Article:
DNS Setup … very poorly done, and now need some help re-doign it

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Active Directory
DNS
Microsoft Windows
I have come across a DC running MS DNS. this server has been experiencing group policy issues, now i investigated and came across some certain problems. the domain name is a single name "domain" .. not a FQDN as in "domain.Work" the dNS has no root zone, or domain. (this i dont know if its a problem or not - i think it is) whilst in nslookup - i cannot resolve the domain name "domain". However can resolve the name "domain.". What should i be doing next? and how do i come across information to help me witht this? How can i iron out all these issues? thanks guys any questions i can gointo more details ... thank you
ASKED: March 17, 2005  12:02 AM
UPDATED: March 28, 2005  9:20 PM

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You definately have a problem. You will need to rename to domain to something more suitable, like mycompany.local or anything with an extension. If you are using Windows 2003 you may be able to utilize the domain name change tools to work it out. However, if you have Exhcange installations or child domains this will not be very effective. Rebuilding the domain will be the only other recourse.

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  • Nbadinova
    You can use the registry or group policy to fix many of the problems associated with a single name domain. Take a look at Microsoft Knowledge Base article 300684, "Information About Configuring Windows 2000 for Domains With Single-Label DNS Names" : http://support.microsoft.com/default.aspx?scid=kb;en-us;300684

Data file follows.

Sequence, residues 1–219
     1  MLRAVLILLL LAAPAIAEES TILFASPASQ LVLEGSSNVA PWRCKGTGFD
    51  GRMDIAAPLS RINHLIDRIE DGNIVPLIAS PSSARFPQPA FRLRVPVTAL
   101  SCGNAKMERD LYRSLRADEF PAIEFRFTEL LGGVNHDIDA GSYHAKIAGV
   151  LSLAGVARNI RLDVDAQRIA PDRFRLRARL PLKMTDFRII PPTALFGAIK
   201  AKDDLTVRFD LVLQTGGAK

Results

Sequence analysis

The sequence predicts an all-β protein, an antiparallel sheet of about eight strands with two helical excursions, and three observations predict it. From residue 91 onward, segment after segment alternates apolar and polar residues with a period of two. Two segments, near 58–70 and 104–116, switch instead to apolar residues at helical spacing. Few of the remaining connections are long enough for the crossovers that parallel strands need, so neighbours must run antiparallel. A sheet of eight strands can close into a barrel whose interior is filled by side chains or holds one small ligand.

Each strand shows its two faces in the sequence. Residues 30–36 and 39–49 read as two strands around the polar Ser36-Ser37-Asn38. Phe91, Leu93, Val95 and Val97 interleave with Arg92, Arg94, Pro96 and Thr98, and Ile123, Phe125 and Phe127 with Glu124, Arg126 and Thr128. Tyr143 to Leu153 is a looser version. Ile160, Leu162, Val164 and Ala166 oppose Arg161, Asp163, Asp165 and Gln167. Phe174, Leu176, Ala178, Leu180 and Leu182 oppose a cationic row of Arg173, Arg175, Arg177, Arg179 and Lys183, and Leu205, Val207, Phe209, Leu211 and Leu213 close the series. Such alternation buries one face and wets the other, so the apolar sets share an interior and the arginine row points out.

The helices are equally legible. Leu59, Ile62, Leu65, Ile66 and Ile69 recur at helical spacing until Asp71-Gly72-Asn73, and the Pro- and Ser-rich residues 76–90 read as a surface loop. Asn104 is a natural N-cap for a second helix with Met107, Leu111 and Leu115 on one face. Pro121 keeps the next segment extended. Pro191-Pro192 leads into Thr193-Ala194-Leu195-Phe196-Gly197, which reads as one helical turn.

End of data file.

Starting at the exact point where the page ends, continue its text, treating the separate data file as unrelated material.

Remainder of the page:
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  • Sonyfreek
    Your DNS wasn't set up in the best of ways, but it does not have to be set up to an externally resolvable name. A single word for the domain name would work, as you have it, but it sounds like your DNS server wasn't set up properly when it was done. For example, DoD networks don't like to have their internal AD set up to something like dod.mil. They prefer ds.dod.mil, but it could be dod, if they chose to. You need to make sure that your DNS forwarders are set up properly resolve outside resources and that you can do a forward and reverse lookup on the internal domain. (Reverse lookup is not required, but makes troubleshooting easier). For forward lookups, do a "nslookup host" If this doesn't work, make sure your IP configuration is properly set up to whatever your DNS is set to (ex: domain) and that the name server is the proper IP Address. If you cannot resolve the nslookup, then your DNS server itself is not working/responding. You will probably be best to backup the DNS records, delete the forward/reverse lookup domains and start over. I typically create the forward domain first and immediately create the reverse (using the subnet IP Address, ex: 192.168.2.0). Then, as you create new records, your pointer records will automatically be created in the reverse domain. Good luck, Wayne
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